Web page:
Bolton: We’re Taking Venezuela’s Oil

President Trump’s National Security Advisor John Bolton made US policy toward Venezuela very clear in an interview on FoxNews yesterday: We’re going to overthrow the government and take the country’s oil. He gets points for bluntness, at least. But who are the “democratic forces” the US seeks to install to “restore Venezuela’s constitution”? They were all trained by the same US government funded “regime change factories” behind the color revolutions of the Bush and Obama Administrations. In other words, they are the creations of the US government, not of the Venezuelan people. Tune in to today’s Ron Paul Liberty Report:

Reprinted from The Ron Paul Institute for Peace & Prosperity.

5 thoughts on “Bolton: We’re Taking Venezuela’s Oil”

  1. This stinks. It has that bread and circus stench to it that most foreign policy does by the US and it’s sociopaths. I’m not saying we won’t take their oil, I’m just saying it’s a distraction for something else.

    1. You could certainly be right about this, but, I just wonder, isn’t stealing Venezuela’s oil sociopathic enough for our government? It seems that’s bad enough to qualify as the real reason.

      1. Of course it would be cheaper to just bring all troops home and simply buy oil on the market, if acting in true national interests.

    2. Yes, there’s more involved than oil, but oil is definitely involved.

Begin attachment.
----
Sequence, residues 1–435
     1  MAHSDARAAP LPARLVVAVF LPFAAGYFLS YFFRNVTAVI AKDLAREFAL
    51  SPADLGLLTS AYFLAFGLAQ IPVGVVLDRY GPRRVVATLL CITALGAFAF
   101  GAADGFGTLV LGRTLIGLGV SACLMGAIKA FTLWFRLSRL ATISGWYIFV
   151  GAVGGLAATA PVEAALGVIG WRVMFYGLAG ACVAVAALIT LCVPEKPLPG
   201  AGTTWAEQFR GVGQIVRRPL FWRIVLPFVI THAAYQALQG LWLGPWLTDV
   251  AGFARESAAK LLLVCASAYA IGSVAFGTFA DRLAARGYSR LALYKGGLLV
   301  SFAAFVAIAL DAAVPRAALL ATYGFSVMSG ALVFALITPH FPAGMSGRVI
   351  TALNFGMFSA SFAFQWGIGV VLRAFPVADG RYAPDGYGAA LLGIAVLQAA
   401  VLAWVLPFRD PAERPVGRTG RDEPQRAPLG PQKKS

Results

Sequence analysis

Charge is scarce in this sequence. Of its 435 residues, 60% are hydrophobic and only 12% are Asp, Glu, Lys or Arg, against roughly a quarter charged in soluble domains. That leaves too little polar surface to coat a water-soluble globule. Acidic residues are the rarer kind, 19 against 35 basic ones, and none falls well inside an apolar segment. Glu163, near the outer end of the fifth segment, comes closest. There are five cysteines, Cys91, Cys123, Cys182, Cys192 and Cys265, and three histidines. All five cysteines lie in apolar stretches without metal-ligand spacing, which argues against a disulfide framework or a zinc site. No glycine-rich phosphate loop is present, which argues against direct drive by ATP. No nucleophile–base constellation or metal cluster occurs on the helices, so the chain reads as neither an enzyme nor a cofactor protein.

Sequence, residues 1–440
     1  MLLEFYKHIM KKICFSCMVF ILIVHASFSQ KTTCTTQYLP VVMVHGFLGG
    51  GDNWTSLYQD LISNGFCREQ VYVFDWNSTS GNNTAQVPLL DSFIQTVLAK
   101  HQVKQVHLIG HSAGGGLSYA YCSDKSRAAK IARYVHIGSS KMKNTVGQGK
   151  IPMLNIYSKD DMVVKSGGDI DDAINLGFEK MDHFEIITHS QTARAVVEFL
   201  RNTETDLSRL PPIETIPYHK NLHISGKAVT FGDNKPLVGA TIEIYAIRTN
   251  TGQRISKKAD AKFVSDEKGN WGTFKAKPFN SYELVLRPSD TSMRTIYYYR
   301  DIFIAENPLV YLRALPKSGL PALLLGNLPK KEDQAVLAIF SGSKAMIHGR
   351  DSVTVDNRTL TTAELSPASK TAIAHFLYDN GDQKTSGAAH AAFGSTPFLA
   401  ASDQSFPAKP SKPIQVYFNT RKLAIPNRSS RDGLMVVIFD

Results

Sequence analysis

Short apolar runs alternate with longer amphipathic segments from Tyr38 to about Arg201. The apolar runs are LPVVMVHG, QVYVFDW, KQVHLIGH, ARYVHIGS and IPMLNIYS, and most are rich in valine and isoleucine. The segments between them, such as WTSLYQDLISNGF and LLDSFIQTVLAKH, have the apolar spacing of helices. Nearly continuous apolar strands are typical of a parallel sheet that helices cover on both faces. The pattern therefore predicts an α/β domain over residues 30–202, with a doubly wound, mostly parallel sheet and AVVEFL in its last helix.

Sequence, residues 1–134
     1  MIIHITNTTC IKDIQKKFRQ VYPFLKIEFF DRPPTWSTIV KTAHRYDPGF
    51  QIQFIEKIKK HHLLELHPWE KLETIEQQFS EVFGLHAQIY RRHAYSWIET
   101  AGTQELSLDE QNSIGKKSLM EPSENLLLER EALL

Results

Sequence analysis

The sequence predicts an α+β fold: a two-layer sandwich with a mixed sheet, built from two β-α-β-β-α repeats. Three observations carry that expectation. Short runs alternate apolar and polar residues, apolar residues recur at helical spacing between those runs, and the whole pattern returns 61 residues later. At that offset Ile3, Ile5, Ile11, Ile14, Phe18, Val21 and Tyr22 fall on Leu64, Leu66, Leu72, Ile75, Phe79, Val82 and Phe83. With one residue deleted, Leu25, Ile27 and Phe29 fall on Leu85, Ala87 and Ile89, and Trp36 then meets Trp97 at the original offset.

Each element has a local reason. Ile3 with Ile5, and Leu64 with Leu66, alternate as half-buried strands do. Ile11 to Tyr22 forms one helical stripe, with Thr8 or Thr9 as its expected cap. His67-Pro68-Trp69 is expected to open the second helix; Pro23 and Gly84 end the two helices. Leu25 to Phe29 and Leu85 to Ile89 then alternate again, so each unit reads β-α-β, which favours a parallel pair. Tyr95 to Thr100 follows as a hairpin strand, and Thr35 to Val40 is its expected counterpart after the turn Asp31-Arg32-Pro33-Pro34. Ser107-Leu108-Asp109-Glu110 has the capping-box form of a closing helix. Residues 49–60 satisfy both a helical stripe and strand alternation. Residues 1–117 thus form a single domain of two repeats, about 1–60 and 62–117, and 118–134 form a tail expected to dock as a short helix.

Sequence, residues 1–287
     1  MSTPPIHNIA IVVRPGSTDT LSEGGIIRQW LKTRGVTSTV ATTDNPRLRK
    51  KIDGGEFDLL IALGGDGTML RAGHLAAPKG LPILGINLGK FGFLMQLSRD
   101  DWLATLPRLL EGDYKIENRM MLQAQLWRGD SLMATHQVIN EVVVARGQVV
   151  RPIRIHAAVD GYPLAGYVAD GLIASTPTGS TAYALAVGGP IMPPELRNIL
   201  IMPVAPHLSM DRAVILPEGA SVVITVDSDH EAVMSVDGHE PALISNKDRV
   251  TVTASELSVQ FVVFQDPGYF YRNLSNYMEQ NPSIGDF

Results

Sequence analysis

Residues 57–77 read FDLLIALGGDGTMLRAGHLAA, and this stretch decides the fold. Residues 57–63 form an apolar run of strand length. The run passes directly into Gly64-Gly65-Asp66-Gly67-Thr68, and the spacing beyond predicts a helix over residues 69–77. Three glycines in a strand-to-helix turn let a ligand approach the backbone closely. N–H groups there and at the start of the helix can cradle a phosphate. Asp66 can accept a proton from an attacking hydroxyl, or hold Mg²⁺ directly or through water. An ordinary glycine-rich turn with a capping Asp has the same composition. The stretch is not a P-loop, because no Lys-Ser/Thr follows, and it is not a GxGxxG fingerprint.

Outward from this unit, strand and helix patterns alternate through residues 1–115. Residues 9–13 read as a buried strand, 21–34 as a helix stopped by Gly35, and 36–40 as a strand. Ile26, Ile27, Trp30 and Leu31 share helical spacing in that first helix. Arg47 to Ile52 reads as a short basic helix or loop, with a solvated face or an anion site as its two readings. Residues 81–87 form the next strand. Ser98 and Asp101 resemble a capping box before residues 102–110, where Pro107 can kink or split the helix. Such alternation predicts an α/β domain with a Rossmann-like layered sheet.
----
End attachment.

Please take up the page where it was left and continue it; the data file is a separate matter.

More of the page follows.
Here’s one angle: No American politician can AFFORD to say that he wants oil to be more expensive, but a lot of them DO want oil to be more expensive. When oil prices are up, the American shale oil process is profitable. When oil prices are down, it isn’t. And the shale industry has good lobbyists.

      Here’s another: Venezuela doesn’t just sell oil. It buys oil. Venezuelan crude is heavy, and it’s cheaper to buy light sweet crude from abroad to mix with it in the refining process than it is to refine it completely from its base quality. DC would probably like to force a deal under which the shale industry gets that business, either by being the exclusive seller of the light stuff TO Venezuela, or the exclusive buyer of the heavy stuff FROM Venezuela (now that the US has lifted its oil export ban, they could buy cheap heavy crude from Venezuela, use expensive shale light crude for the refinery mix, and then re-sell, shaving some of the price competition off the shale product).

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